Hence my sense of melancholy when I was ultimately successful opening up the city, at the cost of losing my last NPC companion, the drone B-12. While it was hidden behind its impenetrable walls, the city of Stray preserved at least an echo, an image of the civilization that created it. Now that the city is open, what is going to happen as the robots disperse? What remains (other than lovely colonies of feral cats) after the last robot’s power supply runs out or the robot suffers some irreparable damage?

Not much, I think. The little eyes of Stray, the cat, may very well end up as the final witness to that echo of our existence.

It’s been a while since I last presented to the world our cat, Master Rufus.

For the record: The Viktor Toth who has recently become quite popular on YouTube by placing his pet rat into a virtual reality harness and letting him play Doom is not me.

Even if I were inclined to do such an experiment with a live animal (I am not) it would be one of my cats, and the retro game of choice would be Duke Nukem.

You see, I was never really a fan of Doom.

Today, I saw a funny post on Quora about how to pet a rabbit. Apparently, rabbits should not be picked up (fragile skeletal structure, bones that break easily) and also hate it when their tail is touched. I was about to make a cheeky comment on pulling either a rabbit or a cat by the tail. But first I wanted to fact check something quickly on Google, and that’s when I came across this article about tail pull injuries that cats sometimes suffer.

Yikes!

I admit I pulled our cats by the tail every once in a while. It’s funny, but also effective when you need to pull a cat back when he’s about to run out of the house or do something he’s not supposed to do.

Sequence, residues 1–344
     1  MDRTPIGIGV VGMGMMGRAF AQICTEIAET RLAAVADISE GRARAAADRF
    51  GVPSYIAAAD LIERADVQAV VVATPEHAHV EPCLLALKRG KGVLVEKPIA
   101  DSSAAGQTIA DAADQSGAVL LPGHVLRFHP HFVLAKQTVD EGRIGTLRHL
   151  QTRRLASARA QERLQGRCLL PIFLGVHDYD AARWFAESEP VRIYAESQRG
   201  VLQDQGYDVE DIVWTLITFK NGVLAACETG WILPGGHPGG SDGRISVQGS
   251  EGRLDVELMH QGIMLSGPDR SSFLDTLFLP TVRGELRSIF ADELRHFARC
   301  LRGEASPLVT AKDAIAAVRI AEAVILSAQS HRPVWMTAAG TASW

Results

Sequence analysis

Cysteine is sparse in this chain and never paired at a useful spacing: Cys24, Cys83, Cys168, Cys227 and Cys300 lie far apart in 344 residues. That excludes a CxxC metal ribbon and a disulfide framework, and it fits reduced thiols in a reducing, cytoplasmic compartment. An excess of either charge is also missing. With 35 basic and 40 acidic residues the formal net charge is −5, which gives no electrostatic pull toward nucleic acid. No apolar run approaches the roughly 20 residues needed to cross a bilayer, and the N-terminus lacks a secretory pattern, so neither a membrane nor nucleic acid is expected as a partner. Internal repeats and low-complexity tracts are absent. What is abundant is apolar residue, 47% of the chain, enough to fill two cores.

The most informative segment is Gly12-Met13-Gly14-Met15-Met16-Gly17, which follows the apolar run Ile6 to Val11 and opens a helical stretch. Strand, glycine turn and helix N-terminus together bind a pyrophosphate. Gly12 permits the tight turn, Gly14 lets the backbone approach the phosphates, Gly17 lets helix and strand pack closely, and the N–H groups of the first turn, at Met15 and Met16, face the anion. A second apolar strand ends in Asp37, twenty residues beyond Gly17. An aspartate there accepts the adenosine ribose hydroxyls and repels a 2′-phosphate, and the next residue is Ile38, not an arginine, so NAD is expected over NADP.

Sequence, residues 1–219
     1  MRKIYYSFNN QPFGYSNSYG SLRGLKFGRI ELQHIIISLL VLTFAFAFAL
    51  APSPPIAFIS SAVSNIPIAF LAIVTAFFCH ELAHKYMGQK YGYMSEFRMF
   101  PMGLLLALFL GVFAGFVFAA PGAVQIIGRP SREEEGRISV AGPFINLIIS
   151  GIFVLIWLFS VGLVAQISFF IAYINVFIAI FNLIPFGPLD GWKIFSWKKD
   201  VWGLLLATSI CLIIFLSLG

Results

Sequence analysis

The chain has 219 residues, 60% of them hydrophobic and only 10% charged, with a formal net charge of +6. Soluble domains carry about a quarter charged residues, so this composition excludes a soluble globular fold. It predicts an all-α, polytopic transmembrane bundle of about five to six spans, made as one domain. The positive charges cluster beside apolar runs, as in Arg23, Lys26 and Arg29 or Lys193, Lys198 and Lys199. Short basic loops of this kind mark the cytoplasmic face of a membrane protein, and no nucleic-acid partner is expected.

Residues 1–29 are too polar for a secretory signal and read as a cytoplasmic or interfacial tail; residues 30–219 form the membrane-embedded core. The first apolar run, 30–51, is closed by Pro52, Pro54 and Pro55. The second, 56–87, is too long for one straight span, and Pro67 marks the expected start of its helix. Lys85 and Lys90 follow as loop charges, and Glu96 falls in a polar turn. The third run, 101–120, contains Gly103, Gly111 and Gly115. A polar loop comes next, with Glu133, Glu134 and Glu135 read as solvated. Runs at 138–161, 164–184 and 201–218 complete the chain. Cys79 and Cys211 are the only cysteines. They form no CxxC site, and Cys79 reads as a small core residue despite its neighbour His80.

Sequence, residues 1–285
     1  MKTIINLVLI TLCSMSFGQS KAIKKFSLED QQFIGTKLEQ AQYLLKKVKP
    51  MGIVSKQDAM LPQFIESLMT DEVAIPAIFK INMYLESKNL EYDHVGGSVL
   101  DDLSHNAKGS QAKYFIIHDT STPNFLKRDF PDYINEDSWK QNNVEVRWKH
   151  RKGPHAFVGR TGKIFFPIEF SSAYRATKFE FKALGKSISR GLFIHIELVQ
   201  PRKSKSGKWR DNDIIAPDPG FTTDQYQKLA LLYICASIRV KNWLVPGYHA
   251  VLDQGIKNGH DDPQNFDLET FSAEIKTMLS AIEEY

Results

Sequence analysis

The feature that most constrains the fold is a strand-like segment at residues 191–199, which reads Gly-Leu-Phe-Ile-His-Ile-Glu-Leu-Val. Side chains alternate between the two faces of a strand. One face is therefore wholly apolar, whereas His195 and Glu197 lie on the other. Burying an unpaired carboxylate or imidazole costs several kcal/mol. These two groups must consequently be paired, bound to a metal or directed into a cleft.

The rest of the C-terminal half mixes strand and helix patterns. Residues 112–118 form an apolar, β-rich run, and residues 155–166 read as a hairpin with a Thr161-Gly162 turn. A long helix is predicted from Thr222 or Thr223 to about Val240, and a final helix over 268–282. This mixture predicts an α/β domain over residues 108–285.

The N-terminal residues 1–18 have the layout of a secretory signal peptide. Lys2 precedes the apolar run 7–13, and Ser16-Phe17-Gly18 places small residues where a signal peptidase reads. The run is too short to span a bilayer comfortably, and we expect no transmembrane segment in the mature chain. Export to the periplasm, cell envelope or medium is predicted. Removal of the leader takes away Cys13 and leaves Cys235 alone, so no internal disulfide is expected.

Except… Except that, as I now learn, cats’ tails get injured relatively easily, and the injury can be devastating, affecting the bundle of nerves that exit the spinal column, which control much of their lower body. The least devastating consequence is losing mobility of the tail, but the injury can also lead to paralysis of the hind legs and incontinence. In short, ruining a cat’s life.

I did not know this. I am glad I never inadvertently caused injury to one of our cats. But I will never pull a cat by the tail again.

Fergus was a cat. A beautiful, beautiful gray cat, who belonged to my cousin and her husband.

This is Fergus, just a few days ago.

This photo shows just what a beautiful creature Fergus was. Yet perhaps it also reveals that he was not well. Though he still enjoyed the late morning sun in the backyard, he was already very unwell, sickened by leukemia.

Fergus departed this world Tuesday evening, euthanized by the same mobile vet who euthanized our long-haired cat Fluffy six years ago.

Even though I did not know Fergus well, I am deeply saddened by his passing. I am rather fond of cats. Every time I look a cat in the eye, I sense a miracle as I contemplate how those little eyeballs see this magnificent universe in which we live. And whenever a cat leaves us and walks away into the great unknown, the world that they leave behind feels like a much duller place in their absence.

World, please say hello to Freddy.

Freddy has been with us for more than two years now. He is a very funny cat. Strong-willed, to be sure; he might even bite you if he disapproves of your behavior. (No, he has not bitten off any fingers or earlobes yet.) And he likes… green peas. Or kernels of corn. And like one of our past kitties, Pipacs, Freddy also stole a freshly cooked potato from the kitchen not too long ago.

Last but not least, I should mention that his favorite toys are small pompoms. We have many of those, on account of my wife’s knitting. So I have a box of pompoms right here, next to my desk. Freddy often shows up here and, after carefully sniffing the pompoms, selects one, takes it from the box, puts it down on the floor and sits down proudly next to it, quietly meowing a few times. That is my cue to pick up the pompom and throw it down the stairs, with Freddy sprinting after it. Often, he then spends a good half hour playing with that pompom.

He also occasionally plays with his somewhat larger buddy, Rufus. I suppose Rufus looks just like a big gray-and-white pompom…

Courtesy of The New Yorker, we now know the history of Lawyer Cat, otherwise known (as we now know) as Eldest Mouse.